Development Gateway: “The international development community spends a great deal of time, effort, and money gathering data on thousands of indicators embedded in various levels of Results Frameworks. These data comprise outputs (school enrollment, immunization figures), program outcomes (educational attainment, disease prevalence), and, in some cases, impacts (changes in key outcomes over time).
Ostensibly, we use results data to allocate resources to the places, partners, and programs most likely to achieve lasting success. But is this data good enough – and is it used well enough – to genuinely increase development impact in priority areas?
Experience suggests that decision-makers at all levels may often face inadequate, incorrect, late, or incomplete results data. At the same time, a figurative “Tower of Babel” of both project-level M&E and program-level outcome data can make it difficult for agencies and organizations to share and use data effectively. Further, potential users may not have the skills, resources, or enabling environment to meaningfully analyze and apply results data to decisions. With these challenges in mind, the development community needs to re-think its investments in results data, making sure that the right users are able to collect, share, and use this information to maximum effect.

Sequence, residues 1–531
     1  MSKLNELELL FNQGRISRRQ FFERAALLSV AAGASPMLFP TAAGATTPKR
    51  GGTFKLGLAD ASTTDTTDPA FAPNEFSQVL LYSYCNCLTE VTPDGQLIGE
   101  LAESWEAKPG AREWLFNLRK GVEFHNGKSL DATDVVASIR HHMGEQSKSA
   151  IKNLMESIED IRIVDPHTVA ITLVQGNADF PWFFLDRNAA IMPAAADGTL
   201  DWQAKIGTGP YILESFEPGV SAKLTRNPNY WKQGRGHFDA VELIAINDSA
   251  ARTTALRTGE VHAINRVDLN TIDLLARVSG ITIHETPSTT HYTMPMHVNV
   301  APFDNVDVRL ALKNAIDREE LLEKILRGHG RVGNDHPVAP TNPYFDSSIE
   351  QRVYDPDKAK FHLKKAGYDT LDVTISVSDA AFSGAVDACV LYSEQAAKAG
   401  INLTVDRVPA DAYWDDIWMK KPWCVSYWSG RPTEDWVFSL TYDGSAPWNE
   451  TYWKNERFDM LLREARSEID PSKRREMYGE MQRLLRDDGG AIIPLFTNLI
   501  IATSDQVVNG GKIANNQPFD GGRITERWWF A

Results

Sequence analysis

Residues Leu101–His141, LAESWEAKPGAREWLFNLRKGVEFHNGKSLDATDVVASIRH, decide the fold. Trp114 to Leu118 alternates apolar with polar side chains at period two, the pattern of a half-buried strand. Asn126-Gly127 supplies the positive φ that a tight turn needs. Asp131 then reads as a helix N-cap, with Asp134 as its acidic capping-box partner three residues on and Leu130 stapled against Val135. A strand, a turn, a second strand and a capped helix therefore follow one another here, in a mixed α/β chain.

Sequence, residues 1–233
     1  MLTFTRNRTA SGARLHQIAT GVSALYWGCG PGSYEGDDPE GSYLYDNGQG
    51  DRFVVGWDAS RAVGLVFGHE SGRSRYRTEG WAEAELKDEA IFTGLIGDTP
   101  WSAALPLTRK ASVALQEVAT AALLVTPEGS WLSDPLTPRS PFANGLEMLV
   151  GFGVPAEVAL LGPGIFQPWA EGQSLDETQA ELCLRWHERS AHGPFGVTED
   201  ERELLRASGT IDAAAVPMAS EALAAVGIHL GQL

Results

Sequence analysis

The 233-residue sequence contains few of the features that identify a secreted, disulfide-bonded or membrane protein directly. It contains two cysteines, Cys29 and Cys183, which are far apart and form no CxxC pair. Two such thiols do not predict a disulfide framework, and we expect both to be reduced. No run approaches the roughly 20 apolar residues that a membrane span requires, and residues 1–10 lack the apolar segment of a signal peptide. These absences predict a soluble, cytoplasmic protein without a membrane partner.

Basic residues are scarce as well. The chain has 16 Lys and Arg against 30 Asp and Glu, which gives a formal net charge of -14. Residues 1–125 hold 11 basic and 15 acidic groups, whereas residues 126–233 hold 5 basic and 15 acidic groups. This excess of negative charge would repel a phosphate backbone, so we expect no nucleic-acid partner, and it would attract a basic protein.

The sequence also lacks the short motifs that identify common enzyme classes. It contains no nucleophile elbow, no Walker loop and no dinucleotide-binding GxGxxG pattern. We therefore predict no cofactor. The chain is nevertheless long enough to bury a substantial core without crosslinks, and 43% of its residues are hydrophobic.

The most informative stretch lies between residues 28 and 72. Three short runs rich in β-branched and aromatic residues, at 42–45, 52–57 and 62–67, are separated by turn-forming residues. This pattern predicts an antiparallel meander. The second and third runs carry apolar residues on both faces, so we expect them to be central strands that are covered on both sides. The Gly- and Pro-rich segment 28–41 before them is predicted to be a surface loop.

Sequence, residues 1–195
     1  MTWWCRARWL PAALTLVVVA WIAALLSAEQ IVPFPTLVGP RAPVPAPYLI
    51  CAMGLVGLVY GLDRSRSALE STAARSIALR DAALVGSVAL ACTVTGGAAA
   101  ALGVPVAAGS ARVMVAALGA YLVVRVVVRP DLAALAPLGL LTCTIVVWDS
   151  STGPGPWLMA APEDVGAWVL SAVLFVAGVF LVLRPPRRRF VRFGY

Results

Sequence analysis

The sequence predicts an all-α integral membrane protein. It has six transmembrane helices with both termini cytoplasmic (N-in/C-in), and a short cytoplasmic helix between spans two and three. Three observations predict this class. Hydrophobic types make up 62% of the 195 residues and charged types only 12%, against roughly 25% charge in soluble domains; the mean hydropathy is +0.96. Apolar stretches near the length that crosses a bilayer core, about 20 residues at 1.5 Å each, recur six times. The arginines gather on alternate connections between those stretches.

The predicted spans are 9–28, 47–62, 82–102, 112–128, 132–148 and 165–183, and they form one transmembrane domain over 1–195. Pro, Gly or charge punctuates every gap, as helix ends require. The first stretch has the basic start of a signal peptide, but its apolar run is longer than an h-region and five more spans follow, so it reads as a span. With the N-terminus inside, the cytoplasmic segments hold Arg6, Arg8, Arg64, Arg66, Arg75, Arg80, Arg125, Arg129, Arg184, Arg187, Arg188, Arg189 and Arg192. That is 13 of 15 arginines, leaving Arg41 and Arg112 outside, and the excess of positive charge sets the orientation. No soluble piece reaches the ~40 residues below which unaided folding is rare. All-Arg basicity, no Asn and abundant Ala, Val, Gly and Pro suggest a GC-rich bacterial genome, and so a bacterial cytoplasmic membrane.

To this end, Development Gateway (DG), with the support of the Bill & Melinda Gates Foundation, aims to “diagnose” the results data ecosystem in three countries, identifying ways to improve data quality, sharing, and use in the health and agriculture sectors. Some of our important questions include:
- Quality: Who collects data and how? Is data quality adequate? Does the data meet actual needs? How much time does data collection demand? How can data collection, quality, and reporting be improved?
- Sharing: How can we compare results data from different donors, governments, and implementers? Is there demand for comparability? Should data be shared more freely? If so, how?
- Use: How is results data analyzed and used to inform actual policies and plans? Does (or can) access to results data improve decision-making? Do the right people have the right data? How else can (or should) we promote data use?…(More)”